The first non-Shakespeare show in this year’s American Players Theatre season, George Bernard Shaw’s early 20th century dramatic debate, Misalliance, works much better on paper than it does on the stage. In principal, the idea of a play consisting almost exclusively of characters having lengthy discussions about love, marriage, justice and so on without much real action is a very clever one. In practice, it can be very difficult to sit through.
Chicago actress Carrie A. Coon (who starred in Anna Christie with the Madison Rep last year) stars as Hypatia Tarleton, the restless daughter of the wealthy underwear magnate John Tarleton (Jonathan Smoots). Things seem perfectly dull in the house as things begin. All the characters seem nearly content to play out Shaw’s debate with only the slightest hint of any real action. True, there is a great deal of wit in what’s being sad, but it merely feels. Characters lounge around inside talented actors dressed in conspicuously tidy Rachel Healy costumes as everything rests in a tasteful early 20th-century Takeshi Kata set. Then a plane crashes into a building offstage and everything gets considerably more interesting.
At some point early into the play’s first stretches, Bentley goes offstage to be intolerable elsewhere and in comes Lord Summerhays (Brian Mani) – a friend of the family. Mani is fun here. His character has a tendency for the type of humor Mani is so good at delivering . . . sparkling, little unassuming bits of semantic cleverness that creep up in response to things other characters say. Lord Summerhays has some entertaining bits of dialogue with Hypatia. He’s an older man taken with the younger woman who seems a bit taken with him as well and marriage is proposed between the two of them. Actually, marriage is proposed quite often in Misalliance – it’s a refreshing little parade of diversions the playwright has concocted to pass the time between the play’s beginning and end, which ends up being a central part of the play.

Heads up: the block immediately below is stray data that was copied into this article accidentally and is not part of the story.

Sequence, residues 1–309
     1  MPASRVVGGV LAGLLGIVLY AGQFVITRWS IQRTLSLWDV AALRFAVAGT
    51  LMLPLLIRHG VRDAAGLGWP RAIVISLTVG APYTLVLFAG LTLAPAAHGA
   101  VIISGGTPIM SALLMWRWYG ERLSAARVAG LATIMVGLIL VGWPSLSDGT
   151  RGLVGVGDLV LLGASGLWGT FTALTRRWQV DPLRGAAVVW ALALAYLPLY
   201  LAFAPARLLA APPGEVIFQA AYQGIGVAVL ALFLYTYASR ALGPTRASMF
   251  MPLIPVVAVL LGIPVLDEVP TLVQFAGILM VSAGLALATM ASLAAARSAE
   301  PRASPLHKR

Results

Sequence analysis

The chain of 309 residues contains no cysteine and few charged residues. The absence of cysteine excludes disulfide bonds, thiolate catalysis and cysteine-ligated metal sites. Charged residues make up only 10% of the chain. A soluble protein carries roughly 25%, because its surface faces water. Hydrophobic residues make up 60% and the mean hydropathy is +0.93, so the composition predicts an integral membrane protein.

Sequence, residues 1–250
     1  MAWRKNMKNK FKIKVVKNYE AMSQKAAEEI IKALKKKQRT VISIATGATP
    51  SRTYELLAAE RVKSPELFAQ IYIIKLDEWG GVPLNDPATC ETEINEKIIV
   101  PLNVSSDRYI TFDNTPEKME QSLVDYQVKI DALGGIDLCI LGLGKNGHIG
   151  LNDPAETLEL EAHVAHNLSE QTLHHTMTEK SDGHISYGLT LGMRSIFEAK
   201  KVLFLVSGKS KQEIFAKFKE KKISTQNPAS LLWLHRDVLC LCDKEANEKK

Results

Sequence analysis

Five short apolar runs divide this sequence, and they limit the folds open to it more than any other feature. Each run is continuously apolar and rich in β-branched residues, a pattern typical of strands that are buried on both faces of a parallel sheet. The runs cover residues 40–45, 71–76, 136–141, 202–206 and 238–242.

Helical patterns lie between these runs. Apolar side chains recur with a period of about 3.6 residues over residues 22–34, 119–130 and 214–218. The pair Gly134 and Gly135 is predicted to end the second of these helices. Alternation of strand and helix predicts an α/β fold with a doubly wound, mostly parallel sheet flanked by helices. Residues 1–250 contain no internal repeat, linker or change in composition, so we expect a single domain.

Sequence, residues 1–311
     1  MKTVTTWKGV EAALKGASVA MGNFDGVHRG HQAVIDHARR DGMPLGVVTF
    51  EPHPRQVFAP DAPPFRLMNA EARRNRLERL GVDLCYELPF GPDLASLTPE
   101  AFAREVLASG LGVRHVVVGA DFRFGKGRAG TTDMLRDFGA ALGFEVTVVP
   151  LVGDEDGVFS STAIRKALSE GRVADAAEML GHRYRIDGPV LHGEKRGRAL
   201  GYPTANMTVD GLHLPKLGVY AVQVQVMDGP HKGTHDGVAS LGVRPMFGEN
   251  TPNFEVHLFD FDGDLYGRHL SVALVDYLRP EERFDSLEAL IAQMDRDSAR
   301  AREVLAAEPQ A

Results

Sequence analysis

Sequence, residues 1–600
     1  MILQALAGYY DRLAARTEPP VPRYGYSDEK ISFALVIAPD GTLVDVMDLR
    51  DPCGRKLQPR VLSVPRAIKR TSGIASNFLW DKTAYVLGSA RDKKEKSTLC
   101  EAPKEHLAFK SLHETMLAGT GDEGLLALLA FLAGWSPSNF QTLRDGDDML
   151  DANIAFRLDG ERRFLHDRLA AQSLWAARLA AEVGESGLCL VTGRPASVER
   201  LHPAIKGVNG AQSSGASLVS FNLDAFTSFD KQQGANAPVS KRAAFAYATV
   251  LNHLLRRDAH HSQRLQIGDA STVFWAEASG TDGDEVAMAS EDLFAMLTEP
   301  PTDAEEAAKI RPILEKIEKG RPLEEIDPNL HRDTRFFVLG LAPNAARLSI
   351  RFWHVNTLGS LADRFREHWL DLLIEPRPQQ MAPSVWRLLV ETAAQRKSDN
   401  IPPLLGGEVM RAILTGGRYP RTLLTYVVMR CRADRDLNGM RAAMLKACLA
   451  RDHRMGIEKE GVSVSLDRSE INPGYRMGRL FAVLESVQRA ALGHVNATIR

Shaw seems intent on exploring the nature of love and marriage between many different pairings within the ensemble. There’s also this whole theme of women beginning to become individuals that Shaw wanted to explore. Apparently, he felt as though men at the turn of the last century desperately pursued women who would be obedient to them while secretly wanting someone who would actually be their equal. As this theory goes, a woman who crashes into the play in the aforementioned plane represents Shaw’s ideal of an independent woman – Polish acrobat Lina Szczepanowska, played here by the charmingly irreverent Tracy Michelle Arnold. Arnold puts in an overwhelmingly memorable performance in a collage of outstanding performances. Misalliance is easily the best show in the APT’s 2007 season thus far. VS
The American Players Theatre’s production of Misalliance runs through October 6 in Spring Green. Tickets can be purchased by calling the box office at 608-588-2361 or online at www.playinthewoods.org.